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I recently started working through the Project Euler challenges, but I've got stuck on #16 (

$2^{15} = 32768$ and the sum of its digits is $3 + 2 + 7 + 6 + 8 = 26$. What is the sum of the digits of the number $2^{1000}$?

(since I'm a big fan of generality, my interpretation is to find a solution to the sum of digits of $a^b$ in base $c$, and obviously I'm trying to solve it without resorting to "cheats" like arbitrary-precision numbers).

I guess this is simpler than I'm making it, but I've got no interest in being told the answer so I haven't been able to do a lot of internet searching (too many places just give these things away). So I'd appreciate a hint in the right direction.

I know that $2^{1000} = 2^{2*2*2*5*5*5} = (((((2^2)^2)^2)^5)^5)^5$, and that the repeated sum of digits of powers of 2 follows the pattern $2, 4, 8, 7, 5, 1$, and that the last digit can be determined by an efficient pow-mod algorithm (which I already have from an earlier challenge), but I haven't been able to get further than that… (and I'm not even sure that those are relevant).

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(I'm not sure about the relevant tags so please feel free to alter them!) – Dave May 19 '13 at 15:41
That is solved by $92093$, just hope that we have at least one user on this who have solved it with a proof. – Inceptio May 19 '13 at 15:53
@Inceptio I expect the vast majority of those users used Java's built-in BigInteger to do this without any thought, but I consider that cheating. – Dave May 19 '13 at 15:54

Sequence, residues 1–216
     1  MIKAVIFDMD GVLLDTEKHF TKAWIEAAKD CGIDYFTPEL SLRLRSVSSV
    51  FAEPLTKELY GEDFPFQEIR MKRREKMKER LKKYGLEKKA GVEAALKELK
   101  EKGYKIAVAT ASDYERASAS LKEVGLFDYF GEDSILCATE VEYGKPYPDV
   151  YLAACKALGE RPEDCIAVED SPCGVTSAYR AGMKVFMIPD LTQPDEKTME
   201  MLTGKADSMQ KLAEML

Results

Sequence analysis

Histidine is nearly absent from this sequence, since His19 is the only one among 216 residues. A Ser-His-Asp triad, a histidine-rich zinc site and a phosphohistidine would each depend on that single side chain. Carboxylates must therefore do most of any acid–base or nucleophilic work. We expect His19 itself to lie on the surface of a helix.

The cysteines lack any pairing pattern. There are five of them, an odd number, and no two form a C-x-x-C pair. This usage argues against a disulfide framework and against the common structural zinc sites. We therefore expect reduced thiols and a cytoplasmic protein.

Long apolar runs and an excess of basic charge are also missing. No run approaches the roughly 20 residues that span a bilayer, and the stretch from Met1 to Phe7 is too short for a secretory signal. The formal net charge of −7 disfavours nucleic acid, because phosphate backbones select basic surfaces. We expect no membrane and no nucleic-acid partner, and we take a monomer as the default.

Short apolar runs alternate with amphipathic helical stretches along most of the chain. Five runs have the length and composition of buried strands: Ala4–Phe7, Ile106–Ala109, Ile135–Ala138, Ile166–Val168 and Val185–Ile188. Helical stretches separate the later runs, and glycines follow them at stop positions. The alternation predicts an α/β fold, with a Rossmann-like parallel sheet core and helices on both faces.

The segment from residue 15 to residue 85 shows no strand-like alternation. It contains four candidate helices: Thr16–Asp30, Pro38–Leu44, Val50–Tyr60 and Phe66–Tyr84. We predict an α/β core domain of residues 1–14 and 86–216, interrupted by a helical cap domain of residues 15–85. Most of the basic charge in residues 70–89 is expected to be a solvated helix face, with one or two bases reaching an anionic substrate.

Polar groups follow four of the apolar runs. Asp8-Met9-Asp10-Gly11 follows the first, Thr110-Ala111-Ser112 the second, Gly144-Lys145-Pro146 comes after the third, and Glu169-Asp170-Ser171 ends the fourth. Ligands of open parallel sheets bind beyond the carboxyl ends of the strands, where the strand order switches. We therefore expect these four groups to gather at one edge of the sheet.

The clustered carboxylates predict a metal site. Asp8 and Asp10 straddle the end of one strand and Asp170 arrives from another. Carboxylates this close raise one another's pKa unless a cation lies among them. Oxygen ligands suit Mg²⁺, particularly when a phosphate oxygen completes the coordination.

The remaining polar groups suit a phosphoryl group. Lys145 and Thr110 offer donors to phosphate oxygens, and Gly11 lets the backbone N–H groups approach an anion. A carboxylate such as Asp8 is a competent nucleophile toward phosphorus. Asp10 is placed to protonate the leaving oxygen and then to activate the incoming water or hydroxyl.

You are supposed to use $\mod 9$, since it uses the digit sum. – Inceptio May 19 '13 at 15:57
@Inceptio won't that give the repeated sum? This is just looking for the sum. – Dave May 19 '13 at 15:59
up vote 1 down vote accepted

In this case, I'm afraid you just have to go ahead and calculate $2^{1000}$. There are various clever ways to do this, but for numbers this small a simple algorithm is fast enough.

The very simplest is to work in base 10 from the start. Faster is to work in binary, and convert to base 10 at the end, but this conversion is not completely trivial. A compromise (on a 32-bit machine) would be to work in base 1000000000, so that you can double a number without overflow. Then at the end the conversion to base 10 is much simpler.

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really? That doesn't seem to be in the spirit of Project Euler (although #13 effectively asks for an arbitrary-precision number implementation)… I expected there was a mathematical trick to simplify the calculation. – Dave May 19 '13 at 15:53
If you find one, let me know! (Just don't waste too much of your life looking for it.) – TonyK May 19 '13 at 15:55
Well I'll leave this a bit to see if anybody can suggest anything, but if not I'll have to resign myself to calculating the actual number (and I'll accept your answer). – Dave May 19 '13 at 15:57
Sometimes the truth can be painful... – TonyK May 19 '13 at 15:57
@TonyK: Hope is not a bad thing. – Inceptio May 19 '13 at 15:58

Spoiler alert

It's not the most honorable solution, but in C# you can use the BigInteger class....

 var powerDigits = BigInteger.Pow(2, 1000).ToString();
 var sum = 0;
 for (var i = 0; i < powerDigits.Length; i++)
     sum += (int) Char.GetNumericValue(powerDigits[i]);
 Console.WriteLine(sum); //1366
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I said in the comments, "I expect the vast majority of those users used Java's built-in BigInteger to do this without any thought, but I consider that cheating", which is the same thing just in a different language. Anyway, in the end I just wrote my own bigint-like methods (writing it from scratch at least maintains some of the challenge) – Dave Jan 5 at 0:42

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